You Must Drive Your Own Determination to Recover From a Stroke

Drive & Determination

From Bruce Dobkin MD (Video below)
Edited by Barbara Gabogrecan

A stroke is caused by impaired blood flow or bleeding on the brain; the latter makes up 10-15% of strokes. When you suffer from a stroke, localized tissue in the brain is injured. This can lead to a number of problems, including:-
paralysis
inability to swallow
finding/recalling words
speech impairments
loss of sensations etc.

One concern stroke patients have is the fear of having another stroke. You and your doctors, need to be aware of the risk factors e.g. irregular heart beat (atrial fibrillation), diabetes, and blood pressure. You also need to be aware that some Cholesterol medication can affect the hips and leg muscles. Many stroke victims also suffer from depression. This is a common response to a stroke, with around 50% of stroke victims experiencing depession.

If your hands are affected (unable to grasp with them or open the hand) and there is no improvement over a period of a month, then there is every chance that this may never improve.

If you have been affected with words e.g. comprehending words from others or finding your own words, then you will have to work hard to re-train the brain. It does not matter how much help you receive (outpatient therapy is important), the bottom line is that you must drive your own determination to improve.

You do tend to plateau after 3-4 months, but it is very important for you to continue setting yourself goals to keep up the improvement. Your caregivers are also important; they are also suffering, but are always trying to make you feel positive and strong. Don’t forget, as you do improve, it is important to think of their needs too.

Hints and Tips
Don’t think ‘why me’? after all….why not you? These things happen and if we waste our energy on negative thoughts, you are less likely to improve. Now is the time for you to be determined and pull on your inner strength to help you through your recovery. Accept who you are now, not who you were or who you might be in the future.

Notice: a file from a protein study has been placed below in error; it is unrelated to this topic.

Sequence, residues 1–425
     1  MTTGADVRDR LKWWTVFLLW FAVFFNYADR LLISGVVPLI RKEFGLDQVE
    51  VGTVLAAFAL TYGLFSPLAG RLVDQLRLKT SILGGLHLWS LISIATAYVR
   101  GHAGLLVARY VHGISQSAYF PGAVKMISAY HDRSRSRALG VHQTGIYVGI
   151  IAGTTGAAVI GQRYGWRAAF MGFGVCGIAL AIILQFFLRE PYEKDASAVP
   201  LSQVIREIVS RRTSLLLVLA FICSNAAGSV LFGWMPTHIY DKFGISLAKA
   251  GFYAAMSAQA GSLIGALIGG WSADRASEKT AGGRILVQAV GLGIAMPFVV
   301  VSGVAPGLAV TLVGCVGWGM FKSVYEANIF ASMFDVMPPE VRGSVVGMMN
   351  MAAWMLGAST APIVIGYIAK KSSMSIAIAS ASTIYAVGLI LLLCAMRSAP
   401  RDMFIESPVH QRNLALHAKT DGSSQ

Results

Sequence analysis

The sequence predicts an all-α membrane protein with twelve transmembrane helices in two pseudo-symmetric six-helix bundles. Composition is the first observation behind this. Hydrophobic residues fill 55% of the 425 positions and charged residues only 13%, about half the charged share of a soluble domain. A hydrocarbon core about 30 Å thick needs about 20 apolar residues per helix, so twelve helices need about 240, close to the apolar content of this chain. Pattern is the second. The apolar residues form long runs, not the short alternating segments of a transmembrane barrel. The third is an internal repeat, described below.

Video
The information in this video is from Bruce Dobkin MD and edited by Barbara Gabogrecan

These videos are used under the You Tube Public Licence agreement

29 thoughts on “You Must Drive Your Own Determination to Recover From a Stroke

  1. james

    I love your advice about not dwelling on why me. This is so true, wasting negative energy on feeling sorry for yourself can get in the way of the healing process and can only hurt a person’s recovery.

    Reply
  2. Mike Teberio

    I really do believe in this because you have too have your own will power and determination too get better if that is what you really want but in some cases people can’t change what already has been done . So i mean every person should get a chance at recovery but that’s just not how it works so i mean your tips and hints are great can’t wait too hear more !!

    Reply
  3. Debbie Boulier

    In the first few weeks it can be hard to not have negative thoughts and feeling, but draw on the network of people that are out there to help you. Once you start seeing some improvement those negative thoughts will melt away.

    Reply
  4. Austin

    Self Determination and self affirmation are truly the keys to recovery. Great article with some great messages.

    Reply
  5. Will McCaig

    I like your hints and tips. A positive attitude goes a long way. i know too many people who sit there feeling sorry for themselves. they have in some ways already admitted defeat.

    Reply
  6. Ben McKinnon

    This article reminds me of the old adage “mind over matter”. It’s really applicable to help with sickness, as well as all other negative things. You’d be surprised what kinds of progress you can make by looking forward to a better tomorrow and leaving all the negativity behind.

    Reply
  7. Chris W.

    I agree that your own positive mindset and determination are key to recovery from a stroke or anything setback you encounter in life. While is is hard to get out of depression, it is essential to overcome it and focus on the positive.

    Reply
  8. Ana B.

    I completely agree with the tip for those who are affected by strokes to not focus on what could have been, and instead focus on how they are and how they can improve and recover. No need dwelling on the past.

    Reply
  9. S.B. Stolk